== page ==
The road to now

| May 01, 2007

America’s earliest truckers drove machines that demanded tough drivers and offered no frills. This 1912 chain-driven Brockway demanded a lot of arm and leg strength for steering and stopping.

In 1900 the truck was an oddity. Railroads and horse-drawn wagons hauled freight. But by the end of the 1930s the semi-trailer was becoming the dominant long-hauler of goods, and trucks had changed the way Americans worked and lived.

The first motorized truck hit the road in America in 1898, just two years after the first automobile. Names we still recognize and see on the road were among our first truck makers. Autocar made its first truck in 1899 and Mack in 1900 (it was a bus converted to a truck), White in 1902 and Ford in 1903.

They were odd contraptions at best, small and slow. They weighed 5 tons or less, and the engine was beneath the seat in most cases. The brakes were applied by hand or foot using a lever and raw muscle power, and the steering wheel was on the right side of the cab.

In the first 10 years of the 20th century the use of draught horses to pull freight actually increased, and trucks worked only on inner-city roads.

The earliest trucks were powered by steam, electricity (from batteries) or gasoline. A 500-pound electric truck could run at a top speed of 18 miles per hour, and heavier trucks made just 10 mph.

Steam was considered the most efficient source of power for early trucks, offering the most horsepower and torque, thus the ability to haul heavier loads. But steam power had been pioneered in ships, and some of those vessels had exploded spectacularly, bringing sensational front-page newspaper coverage. A lack of clean, uncontaminated water also hampered steam trucks, which were put out of service without it.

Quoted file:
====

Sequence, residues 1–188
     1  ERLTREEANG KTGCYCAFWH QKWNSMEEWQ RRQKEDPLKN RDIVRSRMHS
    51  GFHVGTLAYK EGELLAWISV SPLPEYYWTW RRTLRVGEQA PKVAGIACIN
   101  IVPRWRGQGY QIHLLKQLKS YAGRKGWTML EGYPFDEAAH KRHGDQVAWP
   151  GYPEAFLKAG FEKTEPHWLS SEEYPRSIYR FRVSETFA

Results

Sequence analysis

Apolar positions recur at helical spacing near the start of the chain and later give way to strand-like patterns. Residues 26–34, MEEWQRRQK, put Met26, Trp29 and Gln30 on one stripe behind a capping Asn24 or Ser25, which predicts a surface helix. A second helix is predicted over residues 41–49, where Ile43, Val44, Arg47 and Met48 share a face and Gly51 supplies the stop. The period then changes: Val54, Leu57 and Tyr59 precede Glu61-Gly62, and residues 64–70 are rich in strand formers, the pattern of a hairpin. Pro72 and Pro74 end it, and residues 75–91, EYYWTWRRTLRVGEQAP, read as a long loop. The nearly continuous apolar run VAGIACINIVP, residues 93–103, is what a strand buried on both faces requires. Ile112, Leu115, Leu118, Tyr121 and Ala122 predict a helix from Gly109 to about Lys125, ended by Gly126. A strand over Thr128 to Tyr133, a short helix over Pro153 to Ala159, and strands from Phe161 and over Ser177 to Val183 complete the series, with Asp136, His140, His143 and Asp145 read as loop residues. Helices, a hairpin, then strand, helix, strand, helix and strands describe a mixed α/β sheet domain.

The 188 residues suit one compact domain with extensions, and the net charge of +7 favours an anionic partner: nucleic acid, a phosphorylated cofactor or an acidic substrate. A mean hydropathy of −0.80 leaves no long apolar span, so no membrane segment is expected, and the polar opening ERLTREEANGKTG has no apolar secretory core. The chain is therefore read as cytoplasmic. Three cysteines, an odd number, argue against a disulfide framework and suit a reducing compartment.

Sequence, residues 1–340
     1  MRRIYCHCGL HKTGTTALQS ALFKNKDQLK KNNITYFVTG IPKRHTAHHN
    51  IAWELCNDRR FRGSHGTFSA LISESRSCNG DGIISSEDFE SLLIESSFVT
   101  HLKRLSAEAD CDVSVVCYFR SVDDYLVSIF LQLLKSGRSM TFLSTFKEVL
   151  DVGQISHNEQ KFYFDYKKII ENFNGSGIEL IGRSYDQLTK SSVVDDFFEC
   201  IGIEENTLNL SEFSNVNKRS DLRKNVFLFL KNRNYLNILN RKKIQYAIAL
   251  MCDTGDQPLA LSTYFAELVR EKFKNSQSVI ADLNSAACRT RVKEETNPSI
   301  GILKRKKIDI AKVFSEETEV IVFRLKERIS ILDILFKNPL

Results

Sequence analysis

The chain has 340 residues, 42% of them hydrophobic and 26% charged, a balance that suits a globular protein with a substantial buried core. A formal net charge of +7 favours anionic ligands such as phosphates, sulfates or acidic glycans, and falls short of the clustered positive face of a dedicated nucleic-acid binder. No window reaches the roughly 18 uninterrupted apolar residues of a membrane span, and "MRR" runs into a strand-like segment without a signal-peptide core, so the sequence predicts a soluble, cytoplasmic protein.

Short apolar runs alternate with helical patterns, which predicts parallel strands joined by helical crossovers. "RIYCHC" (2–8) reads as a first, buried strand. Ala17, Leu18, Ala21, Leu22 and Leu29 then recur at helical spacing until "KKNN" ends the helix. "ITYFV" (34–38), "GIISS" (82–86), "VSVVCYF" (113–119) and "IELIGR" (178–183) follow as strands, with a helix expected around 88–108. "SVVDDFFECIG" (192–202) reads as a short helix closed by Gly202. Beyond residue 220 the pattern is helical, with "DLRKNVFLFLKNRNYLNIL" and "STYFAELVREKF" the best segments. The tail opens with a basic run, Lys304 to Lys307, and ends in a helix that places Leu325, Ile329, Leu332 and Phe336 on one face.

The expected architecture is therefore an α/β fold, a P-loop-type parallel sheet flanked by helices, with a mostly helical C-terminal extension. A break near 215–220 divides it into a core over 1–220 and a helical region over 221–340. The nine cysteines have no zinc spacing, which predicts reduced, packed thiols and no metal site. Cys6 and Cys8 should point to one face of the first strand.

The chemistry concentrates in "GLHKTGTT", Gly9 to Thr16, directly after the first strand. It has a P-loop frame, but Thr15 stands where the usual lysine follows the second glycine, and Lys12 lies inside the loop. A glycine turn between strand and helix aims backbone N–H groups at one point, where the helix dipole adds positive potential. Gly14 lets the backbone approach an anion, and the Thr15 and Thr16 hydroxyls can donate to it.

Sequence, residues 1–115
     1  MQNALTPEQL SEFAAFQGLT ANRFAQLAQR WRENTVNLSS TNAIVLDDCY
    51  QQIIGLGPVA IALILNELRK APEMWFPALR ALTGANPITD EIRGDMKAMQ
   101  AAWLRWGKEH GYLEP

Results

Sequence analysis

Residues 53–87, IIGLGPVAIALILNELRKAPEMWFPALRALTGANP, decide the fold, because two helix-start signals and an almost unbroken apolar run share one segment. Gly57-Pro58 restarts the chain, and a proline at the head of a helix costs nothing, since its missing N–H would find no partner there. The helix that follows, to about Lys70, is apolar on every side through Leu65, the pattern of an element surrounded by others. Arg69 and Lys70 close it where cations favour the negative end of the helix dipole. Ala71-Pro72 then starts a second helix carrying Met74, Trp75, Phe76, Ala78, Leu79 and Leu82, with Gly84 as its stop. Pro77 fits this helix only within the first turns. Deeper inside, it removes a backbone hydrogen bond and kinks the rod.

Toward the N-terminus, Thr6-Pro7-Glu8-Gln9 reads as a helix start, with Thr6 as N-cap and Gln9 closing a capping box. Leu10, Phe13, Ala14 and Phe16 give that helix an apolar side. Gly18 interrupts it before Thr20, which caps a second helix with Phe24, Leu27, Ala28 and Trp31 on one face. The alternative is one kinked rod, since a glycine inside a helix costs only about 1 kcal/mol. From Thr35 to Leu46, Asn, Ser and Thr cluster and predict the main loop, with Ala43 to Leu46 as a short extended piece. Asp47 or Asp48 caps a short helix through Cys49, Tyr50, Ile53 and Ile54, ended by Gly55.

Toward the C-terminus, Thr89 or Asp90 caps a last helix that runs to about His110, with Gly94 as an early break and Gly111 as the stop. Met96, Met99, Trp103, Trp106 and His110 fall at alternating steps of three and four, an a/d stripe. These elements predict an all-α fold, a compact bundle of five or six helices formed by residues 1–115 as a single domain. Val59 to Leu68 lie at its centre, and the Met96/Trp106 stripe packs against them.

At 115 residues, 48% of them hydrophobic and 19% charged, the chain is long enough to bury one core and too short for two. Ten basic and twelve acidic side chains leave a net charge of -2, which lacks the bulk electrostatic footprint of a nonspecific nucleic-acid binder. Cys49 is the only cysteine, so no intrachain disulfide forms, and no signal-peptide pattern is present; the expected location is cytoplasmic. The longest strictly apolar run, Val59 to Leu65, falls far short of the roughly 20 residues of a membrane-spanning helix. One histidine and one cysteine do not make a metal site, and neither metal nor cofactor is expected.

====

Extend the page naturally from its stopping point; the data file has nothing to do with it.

Electric trucks were popular because they could stop and start easily, a major plus for inner-city work. But their drivers constantly needed to recharge the batteries, leading to inconsistent or unpredictable service.

Almost by default, gasoline, long considered the least likely to succeed, would come to be the chosen power.

Road to good roads
Trucking was slow to develop as an industry at first because most roads outside inner cities were dirt or gravel bone shakers that turned to mud in winter and dust in summer. They were rutted, pitted and uneven.

Roads in Europe, by contrast, were far more developed, and it was on that continent that trucks first made inroads hauling freight. In London 8,000 trucks were being used in 1894. In the United States in 1904 there were only 410 trucks at work. But an explosion was coming – by 1911 there would be 20,000 working trucks in the U.S.

A push for better roads had actually begun in the 1880s and ’90s. But it didn’t come from automobile or truck users. It came from people riding bicycles. Americans from almost all walks of life saw in this amazing new contraption the chance for personal travel freedom.

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